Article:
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ConvOSAtions on Snoring

ConvOSAtions on Snoring

E_Dr MichelleM

Dr Michelle Clare Mah   Lecturer, Faculty of Dentistry, Universiti Teknologi MARA

Snoring describes the loud snorts a person makes while asleep. While you may not be aware that you are a snorer, your bed partner or housemates certainly will!

Snoring is more common than you think. About half of the world population has snored at some point in their life. Men usually snore more than women, with 4-in-10 male snorers out there compared to 3-in-10 female snorers.

It can also be hereditary: if you snore, you could blame your parents as snoring is hereditary in 70% of cases!

What causes the loud snoring sound?

Snoring happens when the tissue at the back of your throat vibrates as air is inhaled through an obstructed airway. This happens when the tissue is too relaxed, when there is an excessive accumulation of fat tissue at the soft palate or even in children with large tonsils. Any obstruction in the nasal airways such as a deviated septum, when you have a cold or a sinus infection may also result in snoring.

Consumption of sleeping pills, antihistamines and alcohol as well as obesity has also been identified as factors that can lead to snoring.

Why should I be worried?

Other than causing sleep deprivation and restless nights for your partner, snoring may be a sign that you might be suffering from obstructive sleep apnoea (OSA).

What is OSA?

OSA is a serious sleep disorder where breathing repeatedly stops and starts during sleep due to obstruction of the airway. This lowers the amount of oxygen levels in the blood and causes the heart to work harder to increase the oxygen saturation. The increased exertion on the heart elevates blood pressure, increasing the risks for heart attack and stroke.

How do I know if I have OSA?

Common signs of OSA include excessive daytime sleepiness, restless sleep and loud or severe snoring. Other less common signs include headaches, trouble concentrating and mood changes such as irritability and anxiety.

Who should I see?   

You can see a medical doctor if you experience any of these symptoms and they will examine the nose, mouth, palate, throat and neck for any abnormalities.

If they suspect that you may have OSA, they will refer you to a Sleep Specialist or an Ear, Nose and Throat (ENT) Specialist. You may also be advised to undergo a sleep study either in a laboratory or at home to determine if you suffer from OSA.

How is OSA treated?

Treatment depends on the cause, the severity of the condition and the level of the airway obstruction.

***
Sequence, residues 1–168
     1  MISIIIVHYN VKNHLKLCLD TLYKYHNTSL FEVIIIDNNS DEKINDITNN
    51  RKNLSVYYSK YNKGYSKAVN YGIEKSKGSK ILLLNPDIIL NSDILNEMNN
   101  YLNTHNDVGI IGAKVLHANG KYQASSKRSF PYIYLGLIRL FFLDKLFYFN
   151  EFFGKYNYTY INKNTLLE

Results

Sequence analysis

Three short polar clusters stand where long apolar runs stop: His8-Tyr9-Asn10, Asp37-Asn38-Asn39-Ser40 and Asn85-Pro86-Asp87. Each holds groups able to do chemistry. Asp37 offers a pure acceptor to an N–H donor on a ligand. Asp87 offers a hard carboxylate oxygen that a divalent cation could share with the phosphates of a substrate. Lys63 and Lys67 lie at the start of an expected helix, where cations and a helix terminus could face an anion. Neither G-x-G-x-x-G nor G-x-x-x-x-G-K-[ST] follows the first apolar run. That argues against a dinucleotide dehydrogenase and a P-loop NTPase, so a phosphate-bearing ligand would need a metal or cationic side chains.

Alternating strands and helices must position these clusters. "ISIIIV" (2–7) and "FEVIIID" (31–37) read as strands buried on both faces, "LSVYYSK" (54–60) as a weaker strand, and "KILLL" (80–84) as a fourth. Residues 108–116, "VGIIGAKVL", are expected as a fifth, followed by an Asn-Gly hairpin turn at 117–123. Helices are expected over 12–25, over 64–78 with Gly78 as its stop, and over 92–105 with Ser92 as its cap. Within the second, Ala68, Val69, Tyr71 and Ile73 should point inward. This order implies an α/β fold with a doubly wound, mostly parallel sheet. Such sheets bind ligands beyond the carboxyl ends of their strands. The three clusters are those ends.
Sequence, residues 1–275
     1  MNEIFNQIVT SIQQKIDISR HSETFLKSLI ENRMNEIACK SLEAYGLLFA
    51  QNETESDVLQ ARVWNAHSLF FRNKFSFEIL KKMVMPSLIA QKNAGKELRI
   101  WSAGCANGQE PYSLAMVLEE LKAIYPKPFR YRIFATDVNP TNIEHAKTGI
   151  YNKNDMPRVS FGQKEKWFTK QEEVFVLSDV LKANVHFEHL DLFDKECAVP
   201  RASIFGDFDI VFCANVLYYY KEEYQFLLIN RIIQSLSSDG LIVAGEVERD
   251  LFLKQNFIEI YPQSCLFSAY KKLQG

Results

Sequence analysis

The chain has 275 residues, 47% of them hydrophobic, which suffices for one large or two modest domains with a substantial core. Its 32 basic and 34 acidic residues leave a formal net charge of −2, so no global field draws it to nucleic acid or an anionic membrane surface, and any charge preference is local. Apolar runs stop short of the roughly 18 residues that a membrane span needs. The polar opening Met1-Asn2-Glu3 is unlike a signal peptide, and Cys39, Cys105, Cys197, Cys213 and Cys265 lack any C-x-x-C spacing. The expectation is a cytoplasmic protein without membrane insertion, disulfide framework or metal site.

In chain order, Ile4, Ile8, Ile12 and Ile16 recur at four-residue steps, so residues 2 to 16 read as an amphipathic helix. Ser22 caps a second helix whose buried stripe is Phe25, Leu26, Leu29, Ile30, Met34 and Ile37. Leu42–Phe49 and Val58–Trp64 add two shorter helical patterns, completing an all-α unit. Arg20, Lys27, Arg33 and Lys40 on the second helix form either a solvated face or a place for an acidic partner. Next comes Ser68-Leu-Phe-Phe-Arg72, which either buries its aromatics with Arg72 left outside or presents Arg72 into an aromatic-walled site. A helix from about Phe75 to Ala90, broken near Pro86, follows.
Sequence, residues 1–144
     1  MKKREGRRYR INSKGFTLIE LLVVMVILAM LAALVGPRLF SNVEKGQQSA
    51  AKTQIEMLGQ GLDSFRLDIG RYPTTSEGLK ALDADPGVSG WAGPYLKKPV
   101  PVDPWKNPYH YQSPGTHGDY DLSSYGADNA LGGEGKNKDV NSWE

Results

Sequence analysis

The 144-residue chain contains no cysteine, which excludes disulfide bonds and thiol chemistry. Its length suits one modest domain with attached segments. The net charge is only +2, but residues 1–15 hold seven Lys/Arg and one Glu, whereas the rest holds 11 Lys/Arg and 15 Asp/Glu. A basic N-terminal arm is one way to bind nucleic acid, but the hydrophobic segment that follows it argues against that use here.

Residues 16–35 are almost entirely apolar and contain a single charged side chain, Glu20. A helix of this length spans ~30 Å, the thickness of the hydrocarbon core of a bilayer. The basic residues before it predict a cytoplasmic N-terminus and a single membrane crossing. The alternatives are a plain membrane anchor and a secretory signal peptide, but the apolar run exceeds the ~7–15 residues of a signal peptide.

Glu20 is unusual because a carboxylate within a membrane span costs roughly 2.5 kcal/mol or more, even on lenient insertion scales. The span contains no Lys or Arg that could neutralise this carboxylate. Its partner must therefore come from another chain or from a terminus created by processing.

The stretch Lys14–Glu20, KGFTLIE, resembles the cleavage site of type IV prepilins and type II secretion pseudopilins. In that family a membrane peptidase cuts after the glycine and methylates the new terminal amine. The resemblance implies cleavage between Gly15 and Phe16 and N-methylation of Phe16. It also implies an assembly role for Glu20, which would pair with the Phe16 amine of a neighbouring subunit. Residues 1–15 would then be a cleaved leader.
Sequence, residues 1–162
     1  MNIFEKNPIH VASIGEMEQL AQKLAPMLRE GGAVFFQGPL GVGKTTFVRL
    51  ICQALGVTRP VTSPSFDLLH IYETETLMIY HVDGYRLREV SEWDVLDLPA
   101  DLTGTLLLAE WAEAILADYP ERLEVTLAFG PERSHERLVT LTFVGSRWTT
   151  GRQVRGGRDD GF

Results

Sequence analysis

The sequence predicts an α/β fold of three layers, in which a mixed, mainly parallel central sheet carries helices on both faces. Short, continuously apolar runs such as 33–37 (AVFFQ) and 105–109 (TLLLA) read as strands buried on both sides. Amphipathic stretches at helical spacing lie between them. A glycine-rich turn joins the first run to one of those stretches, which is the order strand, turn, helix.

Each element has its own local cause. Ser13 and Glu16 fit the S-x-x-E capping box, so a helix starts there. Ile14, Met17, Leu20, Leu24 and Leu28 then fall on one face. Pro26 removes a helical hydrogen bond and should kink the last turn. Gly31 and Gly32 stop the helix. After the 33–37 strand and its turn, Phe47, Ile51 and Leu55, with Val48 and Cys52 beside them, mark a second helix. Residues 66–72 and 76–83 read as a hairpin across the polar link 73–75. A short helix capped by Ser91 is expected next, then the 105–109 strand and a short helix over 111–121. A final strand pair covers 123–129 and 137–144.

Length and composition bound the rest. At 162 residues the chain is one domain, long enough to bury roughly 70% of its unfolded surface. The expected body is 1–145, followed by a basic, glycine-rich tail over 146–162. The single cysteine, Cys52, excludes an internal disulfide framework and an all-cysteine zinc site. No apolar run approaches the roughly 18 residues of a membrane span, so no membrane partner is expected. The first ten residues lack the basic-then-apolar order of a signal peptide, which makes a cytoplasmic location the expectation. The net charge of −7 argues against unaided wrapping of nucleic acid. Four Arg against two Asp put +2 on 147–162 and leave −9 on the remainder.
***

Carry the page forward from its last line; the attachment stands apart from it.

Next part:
Lifestyle modifications.

Avoiding alcohol, smoking, sedatives and muscle relaxants will help prevent over-relaxation of the tissue in the airway. Weight loss is also recommended for those who are overweight.

Sleeping positions.

Sleeping slightly higher at a 30 degree elevation of the upper body or on the side is recommended as opposed to sleeping on the back.

Non-surgical intervention.

The most common treatment for OSA is the CPAP (Continuous Positive Airway Pressure) machines which pump air into your mouth during sleep to keep the airway open.
Another option is an oral appliance or splint - a mouth guard that is designed to reposition the lower jaw forward during sleep to prevent the tongue from falling back and obstructing the airway.

Surgical intervention.

The aim of surgery is to remove the cause of the airway obstruction or to attempt to widen the airway. This is dependent on the cause of the OSA and the level of the airway obstruction. This may involve soft tissue surgery such as adenotonsillectomy (removal of enlarged adenoids and tonsils), uvulopalatoplasty (reducing part of the tissue at the soft palate or uvula) and palatal stiffening operation (tightening of the tissue at the soft palate) or surgery on the bone such as maxillomandibular advancement where the upper and lower jaws are moved forward to increase the airway space.

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References:

Azagra-Calero, E., et al. (2012.) Obstructive sleep apnea syndrome (OSAS). Review of the literature. Medicina oral, patologia oral y cirugia bucal 17 (6): e925–9. doi:10.4317/medoral.17706. PMID 22549673.

Neill A. M., et al. (1997.) Effects of sleep posture on upper airway stability in patients with obstructive sleep apnea. Am. J. Respir. Crit. Care Med. 155 (1): 199–204. doi:10.1164/ajrccm.155.1.9001312. PMID 9001312

Nakano H., et al. (2003.) Effects of body position on snoring in apneic and nonapneic snorers. Sleep 26 (2): 169–72. PMID 12683476.

Loord H., Hultcrantz E. (2007.) Positioner – a method for preventing sleep apnea. Acta Otolaryngol. 127 (8): 861–8. doi:10.1080/00016480601089390. PMID 17762999

Szollosi I., et al. (2006.) Lateral sleeping position reduces severity of central sleep apnea / Cheyne-Stokes respiration. Sleep 29 (8): 1045–51. PMID 16944673.

The American Academy of Head and Neck Surgery. Available at www.entnet.org.

The British Snoring and Sleep Apnoea Association. Available at www.britishsnoring.co.uk

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